Buying a home is one of the biggest financial commitments you’ll ever make – if not the biggest. It can be exciting but also a bit scary, especially if you’re not properly prepared.

Here is a checklist of five important things to do before you get a mortgage and buy your first home. Following these tips could help you to organise your finances to make getting the right mortgage a little bit easier.


Improve/check your credit rating

When you apply for a mortgage, the lender will look at your credit history. If it’s poor, they may refuse to offer you a mortgage. Alternatively, they may offer you a higher interest rate, which could cost you thousands of pounds more over the course of your mortgage.

That’s why it’s so important to check your credit record. Have a look through it and check whether any firms (for example, credit card lenders or your mobile phone service provider) have recorded anything incorrectly. For example, they may have recorded that you missed a payment when you didn’t. If they have made an error, contact them to discuss this.

In general, you should also try and build a good credit rating by borrowing responsibly and paying back what you owe on time and in full.

Work out how much you can afford

Have a look at your budget and see how much you could realistically afford to pay towards your mortgage each month. If you’re already renting you might use the amount you’re paying now as a rough guide.

Remember all the other costs you might have to pay for too, like bills, Council Tax, insurance (for example, buildings insurance), repairs and general maintenance. You’ll also want a comfortable amount left over per month, especially if you’re planning to have children or make other big changes in your life.

And you’ll need to find out how much a mortgage provider would actually lend to you. There are mortgage calculators available online that can give you a rough idea, but it’s best to discuss this with an expert mortgage adviser. As a rough rule of thumb, most mortgage lenders will offer you up to three or four times your annual salary.

Save up a sufficient deposit

Your deposit is one of the most important things your mortgage lender will consider. The bigger your deposit, the more likely you are to be accepted onto a mortgage – even if you don’t have the best credit rating. You’ll probably need to save up at least 10% of the value of the home you’re looking to buy, and the more you can save up, the better the deals you should be eligible for.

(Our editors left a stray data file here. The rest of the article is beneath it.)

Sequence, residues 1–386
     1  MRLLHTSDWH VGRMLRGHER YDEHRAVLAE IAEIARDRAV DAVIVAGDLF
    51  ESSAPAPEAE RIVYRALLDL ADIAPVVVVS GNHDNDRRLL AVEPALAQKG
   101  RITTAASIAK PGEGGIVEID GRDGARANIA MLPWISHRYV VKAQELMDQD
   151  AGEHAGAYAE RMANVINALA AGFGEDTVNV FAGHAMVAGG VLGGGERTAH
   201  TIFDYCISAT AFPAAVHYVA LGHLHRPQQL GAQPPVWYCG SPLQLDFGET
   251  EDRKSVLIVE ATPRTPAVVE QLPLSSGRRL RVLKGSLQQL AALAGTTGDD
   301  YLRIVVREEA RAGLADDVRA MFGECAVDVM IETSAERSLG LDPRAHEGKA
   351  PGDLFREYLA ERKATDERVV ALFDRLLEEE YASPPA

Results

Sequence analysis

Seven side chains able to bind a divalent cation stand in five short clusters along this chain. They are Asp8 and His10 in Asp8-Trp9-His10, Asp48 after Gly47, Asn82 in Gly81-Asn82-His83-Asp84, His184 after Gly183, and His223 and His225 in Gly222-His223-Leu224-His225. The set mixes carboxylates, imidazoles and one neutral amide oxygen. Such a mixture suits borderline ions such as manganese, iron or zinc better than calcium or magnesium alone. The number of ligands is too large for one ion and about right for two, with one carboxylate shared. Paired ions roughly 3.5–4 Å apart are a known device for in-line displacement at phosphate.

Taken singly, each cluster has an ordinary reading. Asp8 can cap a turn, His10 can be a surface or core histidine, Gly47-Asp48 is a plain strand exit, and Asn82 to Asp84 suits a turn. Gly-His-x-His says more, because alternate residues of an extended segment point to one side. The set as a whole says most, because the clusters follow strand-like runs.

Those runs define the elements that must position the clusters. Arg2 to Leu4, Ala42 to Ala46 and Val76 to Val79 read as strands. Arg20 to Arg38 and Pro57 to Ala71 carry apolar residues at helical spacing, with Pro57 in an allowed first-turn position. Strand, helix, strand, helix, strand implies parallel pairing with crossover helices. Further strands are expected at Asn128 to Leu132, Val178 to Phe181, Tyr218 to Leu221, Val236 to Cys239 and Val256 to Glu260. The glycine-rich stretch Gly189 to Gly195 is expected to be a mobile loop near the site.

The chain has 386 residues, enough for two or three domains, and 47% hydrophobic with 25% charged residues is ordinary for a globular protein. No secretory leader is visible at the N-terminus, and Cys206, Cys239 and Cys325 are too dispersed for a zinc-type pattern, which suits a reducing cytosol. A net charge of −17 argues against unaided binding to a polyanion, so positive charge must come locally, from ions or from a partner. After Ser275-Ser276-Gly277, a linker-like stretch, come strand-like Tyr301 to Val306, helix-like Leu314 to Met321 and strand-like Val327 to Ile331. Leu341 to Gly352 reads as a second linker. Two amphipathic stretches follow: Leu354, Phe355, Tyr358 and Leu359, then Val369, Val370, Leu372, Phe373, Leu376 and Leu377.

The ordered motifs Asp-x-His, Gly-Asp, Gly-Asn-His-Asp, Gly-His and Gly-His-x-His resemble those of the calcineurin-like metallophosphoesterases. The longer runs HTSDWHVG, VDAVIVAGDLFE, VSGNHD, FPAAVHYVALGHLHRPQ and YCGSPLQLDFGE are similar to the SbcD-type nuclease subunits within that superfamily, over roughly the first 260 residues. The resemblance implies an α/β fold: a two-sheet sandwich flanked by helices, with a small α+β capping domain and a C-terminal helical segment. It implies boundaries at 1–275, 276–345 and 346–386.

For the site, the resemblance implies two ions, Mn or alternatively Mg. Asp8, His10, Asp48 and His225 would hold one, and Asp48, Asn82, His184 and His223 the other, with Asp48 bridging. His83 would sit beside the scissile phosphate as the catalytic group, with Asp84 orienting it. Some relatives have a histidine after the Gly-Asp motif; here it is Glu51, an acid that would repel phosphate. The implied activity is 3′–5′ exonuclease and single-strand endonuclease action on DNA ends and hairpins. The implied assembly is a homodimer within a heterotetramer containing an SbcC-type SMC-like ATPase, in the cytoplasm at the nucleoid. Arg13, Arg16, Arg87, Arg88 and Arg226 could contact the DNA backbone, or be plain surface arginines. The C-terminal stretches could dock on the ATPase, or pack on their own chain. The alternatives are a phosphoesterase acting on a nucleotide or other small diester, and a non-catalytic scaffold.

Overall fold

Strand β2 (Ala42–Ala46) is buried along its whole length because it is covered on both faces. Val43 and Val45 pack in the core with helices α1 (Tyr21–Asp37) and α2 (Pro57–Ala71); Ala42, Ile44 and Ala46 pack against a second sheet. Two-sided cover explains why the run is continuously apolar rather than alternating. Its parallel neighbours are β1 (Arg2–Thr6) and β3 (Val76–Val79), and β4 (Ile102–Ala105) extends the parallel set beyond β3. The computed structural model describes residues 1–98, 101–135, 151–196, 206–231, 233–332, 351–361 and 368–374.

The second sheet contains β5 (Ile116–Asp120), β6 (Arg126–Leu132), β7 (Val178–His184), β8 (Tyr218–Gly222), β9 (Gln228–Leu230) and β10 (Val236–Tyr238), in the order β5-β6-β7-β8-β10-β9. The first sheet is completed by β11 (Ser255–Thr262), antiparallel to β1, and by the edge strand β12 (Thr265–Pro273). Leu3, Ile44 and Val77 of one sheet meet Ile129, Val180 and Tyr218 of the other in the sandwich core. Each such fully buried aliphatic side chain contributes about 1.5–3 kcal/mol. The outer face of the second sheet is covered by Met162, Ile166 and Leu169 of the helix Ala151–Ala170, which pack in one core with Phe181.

Look at the different kinds of mortgage

There are lots of different mortgages out there. Fixed-rate mortgages are straightforward because you’ll pay the same amount each month for a fixed number of years, regardless of what happens to interest rates. Traditionally the ‘problem’ with fixed-rate mortgages is that if the base rate falls, your mortgage will remain fixed at a higher rate. However, the Bank of England’s base rate has been at 0.5% for some time now, so it can’t fall much further.

Some people prefer ‘tracker’ mortgages, which track the base rate. The advantage of this is that if the base rate goes down, so will the rate on your mortgage – but if it goes up, your mortgage rate goes up too.

Bear in mind that your mortgage rate isn’t the only factor to consider. You should also compare the fees, as some mortgages come with lower rates but higher fees. If you’re not sure, you should get some expert mortgage advice.

Compare deals

No matter how much you can afford, or what kind of mortgage you’re looking for, it’s always worth shopping around and comparing deals.

You could find a broker (either online or otherwise) that could help you by comparing mortgages from a wide range of lenders.

A mortgage lasts for a long time and getting the right deal for you is absolutely vital. If you don’t, you could end up paying far more than you could have – and if you fall behind on your payments, you could be putting your home at risk of repossession.

ABOUT THE AUTHOR:

Colin is a mortgage expert at YourMortgageDeals, with 12 years of experience in the mortgage industry. Over the years he’s built up an extensive knowledge of how the mortgage market works.

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